HP has revamped its Spectre x360 lineup of convertible, champfered-edged laptops with a purportedly quieter sound profile, Intel’s new Arc graphics card, and beefed-up webcams.
Today, HP released 12th Gen Intel versions of the Spectre x360 in 13.5- and 16-inch sizes.
If the 13.5-inch sounds new to you, that’s because HP hasn’t released a “Spectre x360 13.5” since 2020. Last year, its 13.5-inch Spectre was called the “Spectre x360 14.” But don’t get confused; this thin-and-light laptop still has a screen that measures 13.5 inches diagonally and uses the 3:2 aspect ratio for up to 3000×2000 resolution if you opt for OLED.
If you prefer a brighter (the OLED claims up to 400 nits with SDR and 500 nits with HDR), less power-hungry option, you can get the Spectre x360 13.5-inch with a 1920×1280 IPS LED display with up to 1,000 nits of brightness.
HP claims that the 13.5-inch Spectre will be the quieter than its predecessor. A new fan design claims an 8 percent sound reduction, plus 10 percent better airflow. The new fans have 122 blades, which is 46 percent more than before, and those blades are 25 percent thinner. Considering the 13.5-inch Spectre is 0.67 inch thin, heat management will be critical to maintaining high performance and making sure the thing doesn’t burn your lap.
Across the Spectre lineup, HP moved from a 0.9 MP to 5 MP webcam. It includes trendy add-on features, like auto framing (keeps you in view, even if you’re walking around), brightness adjustment (based on ambient lighting), and HP GlamCam, which claims to enhance your looks by smoothing the appearance of your skin and under-eye bags, for example.
You could also get the 13.5-inch Spectre with an integrated privacy screen that makes it hard for others to view the display from an angle once you press a key combination. Meanwhile, the 16-inch Spectre can use AI software and the IR camera to automatically blur the screen if it senses someone creeping up behind you, which just feels like a different, more virtual kind of creeping.
A smaller addition, the Spectre x360 3.5-inch also has HP Palette, which HP describes as a “digital workspace” for creatives’ photo management. It includes a photo-finder feature, a space for drawing with a stylus, and wireless file sharing.
In terms of components, the 13-inch-class Spectres go up to an Intel Core i7-1255U (two Performance cores running at 1.7-4.7 GHz, eight Efficient cores running at 1.2-3.5 GHz, and 12 threads). The smaller laptops can also sport up to a 2TB PCIe 4.0 M.2 SSD and 32GB of LPDDR4x-4266 memory, plus Intel Iris Xe integrated graphics. The 13.5-inch claims a 16-hour battery life with mixed usage, based on the MobileMark18, but you’ll probably get lower numbers if you opt for OLED and/or max brightness.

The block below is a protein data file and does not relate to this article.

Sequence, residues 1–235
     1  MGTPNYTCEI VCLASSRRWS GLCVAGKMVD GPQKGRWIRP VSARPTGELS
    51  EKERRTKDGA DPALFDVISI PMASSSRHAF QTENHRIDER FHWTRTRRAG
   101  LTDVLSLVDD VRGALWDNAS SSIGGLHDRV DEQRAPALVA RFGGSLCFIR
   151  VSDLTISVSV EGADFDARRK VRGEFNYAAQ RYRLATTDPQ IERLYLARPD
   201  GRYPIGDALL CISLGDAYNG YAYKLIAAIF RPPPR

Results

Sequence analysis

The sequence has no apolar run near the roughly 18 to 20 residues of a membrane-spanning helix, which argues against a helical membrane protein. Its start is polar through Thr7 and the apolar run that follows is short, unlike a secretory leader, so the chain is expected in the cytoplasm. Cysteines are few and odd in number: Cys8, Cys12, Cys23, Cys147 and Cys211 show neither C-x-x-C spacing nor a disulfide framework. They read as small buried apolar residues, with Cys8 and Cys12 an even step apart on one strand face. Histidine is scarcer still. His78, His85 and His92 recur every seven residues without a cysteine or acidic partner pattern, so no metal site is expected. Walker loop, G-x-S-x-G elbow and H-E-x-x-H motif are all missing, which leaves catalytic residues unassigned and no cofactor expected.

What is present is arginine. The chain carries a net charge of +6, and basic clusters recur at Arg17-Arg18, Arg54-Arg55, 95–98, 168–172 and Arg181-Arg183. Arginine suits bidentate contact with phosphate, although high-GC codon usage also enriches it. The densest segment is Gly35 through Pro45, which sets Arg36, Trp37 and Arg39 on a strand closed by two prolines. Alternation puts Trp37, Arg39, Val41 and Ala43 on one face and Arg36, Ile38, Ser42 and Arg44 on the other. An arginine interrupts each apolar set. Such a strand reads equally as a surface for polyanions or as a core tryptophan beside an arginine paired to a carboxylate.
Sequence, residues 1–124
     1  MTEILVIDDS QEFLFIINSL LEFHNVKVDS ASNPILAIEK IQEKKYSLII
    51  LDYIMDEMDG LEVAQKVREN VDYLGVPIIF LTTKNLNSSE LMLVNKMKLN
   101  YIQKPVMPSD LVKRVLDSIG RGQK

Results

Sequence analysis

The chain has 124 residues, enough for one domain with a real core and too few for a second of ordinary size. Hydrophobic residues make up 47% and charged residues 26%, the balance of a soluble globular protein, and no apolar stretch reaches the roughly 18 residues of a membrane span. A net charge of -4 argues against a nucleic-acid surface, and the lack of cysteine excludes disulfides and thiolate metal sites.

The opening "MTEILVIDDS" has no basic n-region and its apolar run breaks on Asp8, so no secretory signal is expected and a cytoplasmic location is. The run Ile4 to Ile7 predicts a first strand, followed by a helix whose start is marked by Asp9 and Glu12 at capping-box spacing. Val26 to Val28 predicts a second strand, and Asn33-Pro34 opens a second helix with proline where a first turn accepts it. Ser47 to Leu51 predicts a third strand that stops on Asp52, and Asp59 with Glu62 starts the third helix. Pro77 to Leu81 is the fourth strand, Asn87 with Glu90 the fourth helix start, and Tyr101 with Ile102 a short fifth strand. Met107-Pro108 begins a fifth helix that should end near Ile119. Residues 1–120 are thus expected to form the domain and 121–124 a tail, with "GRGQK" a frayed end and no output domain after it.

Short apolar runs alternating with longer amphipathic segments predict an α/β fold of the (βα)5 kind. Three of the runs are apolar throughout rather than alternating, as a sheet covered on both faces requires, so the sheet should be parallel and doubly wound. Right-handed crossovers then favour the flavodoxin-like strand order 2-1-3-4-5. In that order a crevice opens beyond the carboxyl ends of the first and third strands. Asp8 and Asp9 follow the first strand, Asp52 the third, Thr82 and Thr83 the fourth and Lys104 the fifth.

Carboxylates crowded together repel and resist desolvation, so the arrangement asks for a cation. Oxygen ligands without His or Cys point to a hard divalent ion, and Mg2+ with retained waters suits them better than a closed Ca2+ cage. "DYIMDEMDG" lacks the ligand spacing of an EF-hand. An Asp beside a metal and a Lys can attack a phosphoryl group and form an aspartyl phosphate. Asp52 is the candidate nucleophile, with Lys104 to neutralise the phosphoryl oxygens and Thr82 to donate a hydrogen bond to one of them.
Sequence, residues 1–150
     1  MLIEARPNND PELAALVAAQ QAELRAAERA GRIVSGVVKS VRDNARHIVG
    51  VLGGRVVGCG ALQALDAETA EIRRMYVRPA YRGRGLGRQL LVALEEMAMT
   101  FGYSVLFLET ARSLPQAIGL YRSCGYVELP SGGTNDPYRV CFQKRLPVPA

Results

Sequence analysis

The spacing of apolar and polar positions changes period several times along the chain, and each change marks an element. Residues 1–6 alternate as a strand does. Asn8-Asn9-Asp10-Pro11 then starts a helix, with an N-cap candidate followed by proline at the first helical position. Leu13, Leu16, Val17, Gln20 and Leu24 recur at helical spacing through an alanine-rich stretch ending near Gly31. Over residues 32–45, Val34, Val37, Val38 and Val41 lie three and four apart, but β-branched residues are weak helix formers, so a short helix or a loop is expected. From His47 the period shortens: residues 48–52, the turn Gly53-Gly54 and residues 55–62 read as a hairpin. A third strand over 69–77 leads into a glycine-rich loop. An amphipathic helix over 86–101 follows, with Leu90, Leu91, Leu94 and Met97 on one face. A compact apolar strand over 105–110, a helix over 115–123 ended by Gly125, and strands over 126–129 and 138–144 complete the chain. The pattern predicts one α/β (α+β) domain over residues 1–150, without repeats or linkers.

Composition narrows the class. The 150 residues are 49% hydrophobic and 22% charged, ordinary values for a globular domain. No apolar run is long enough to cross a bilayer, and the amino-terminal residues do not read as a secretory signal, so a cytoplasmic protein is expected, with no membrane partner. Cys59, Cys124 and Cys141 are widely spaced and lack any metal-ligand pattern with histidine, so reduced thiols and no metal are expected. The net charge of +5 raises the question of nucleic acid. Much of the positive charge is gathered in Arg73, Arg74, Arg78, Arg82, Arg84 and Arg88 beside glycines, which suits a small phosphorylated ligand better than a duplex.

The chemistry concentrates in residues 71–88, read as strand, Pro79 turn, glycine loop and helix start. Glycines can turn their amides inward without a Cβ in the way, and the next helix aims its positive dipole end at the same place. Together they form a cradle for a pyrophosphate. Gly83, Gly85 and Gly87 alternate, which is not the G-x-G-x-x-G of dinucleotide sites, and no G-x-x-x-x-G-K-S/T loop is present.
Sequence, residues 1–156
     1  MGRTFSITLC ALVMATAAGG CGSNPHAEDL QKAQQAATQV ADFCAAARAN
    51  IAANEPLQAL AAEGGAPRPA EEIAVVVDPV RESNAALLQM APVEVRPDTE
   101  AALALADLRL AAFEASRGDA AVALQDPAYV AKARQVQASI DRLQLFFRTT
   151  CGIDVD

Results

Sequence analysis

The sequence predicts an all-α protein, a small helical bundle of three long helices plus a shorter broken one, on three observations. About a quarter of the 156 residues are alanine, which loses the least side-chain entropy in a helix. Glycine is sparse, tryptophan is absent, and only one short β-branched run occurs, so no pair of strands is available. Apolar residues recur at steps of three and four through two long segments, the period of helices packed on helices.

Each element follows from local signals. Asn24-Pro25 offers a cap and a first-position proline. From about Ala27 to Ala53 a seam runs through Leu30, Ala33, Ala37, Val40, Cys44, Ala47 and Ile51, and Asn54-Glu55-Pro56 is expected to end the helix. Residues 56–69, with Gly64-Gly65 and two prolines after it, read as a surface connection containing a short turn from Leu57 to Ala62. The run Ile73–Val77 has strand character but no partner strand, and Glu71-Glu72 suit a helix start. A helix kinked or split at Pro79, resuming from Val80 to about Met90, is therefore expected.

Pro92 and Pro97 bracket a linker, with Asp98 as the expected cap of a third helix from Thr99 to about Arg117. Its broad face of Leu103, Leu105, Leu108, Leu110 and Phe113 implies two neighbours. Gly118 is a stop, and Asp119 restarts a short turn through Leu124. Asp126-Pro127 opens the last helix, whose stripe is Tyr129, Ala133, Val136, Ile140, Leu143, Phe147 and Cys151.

Intel Arc, or Nvidia, discrete graphics
The Spectre x360 16-inch is a bit more powerful than the smaller Spectres. It carries up to an i7-12700H (six P-cores at 2.3-4.7 GHz, eight E-cores at 1.7-3.5 GHz, and 20 threads), 32GB of DDR-4-3200 RAM, 2TB of storage, and an Intel Arc A370M discrete graphics card.
Intel plans to expand its mobile (and desktop) GPU lineup, but only the A370M laptops have been announced thus far. The GPU has 4GB of GDDR6 memory and can run at clock speeds of up to 1,550 MHz. For comparison, Nvidia’s RTX 3060 laptop GPU has 6GB of GDDR6 and a boost clock speed of up to 1,283 to 1,703 MHz. The Spectre x360 16 joins the likes of the upcoming Asus Zenbook Flip two-in-one and Samsung Galaxy Book2 Pro in early Arc adoption.
The 16-inch Spectre x360 starts at $1,650.
Cheaper “Envy” laptops
HP also released refreshes of its cheaper Envy laptops today, boosting them with Intel’s 12th Gen chips, discrete graphics, and the aforementioned 5 MP webcam features. HP released refreshes of the Envy 17.3-inch and 16-inch clamshells, plus a 15.6-inch convertible that’ll sell with up to AMD Ryzen 7 CPUs in addition to the Team Blue options, and a 13.3-inch convertible.
Those with graphics-intensive workloads, however, will be drawn to the 16-inch version, which is configurable with an Arc A370M or RTX 3060 GPU and up to an i9-12900H (six P-cores at 2.5-5 GHz, eight E-cores at 1.8-3.8 GHz, and 20 threads). The laptop starts at $1,400.
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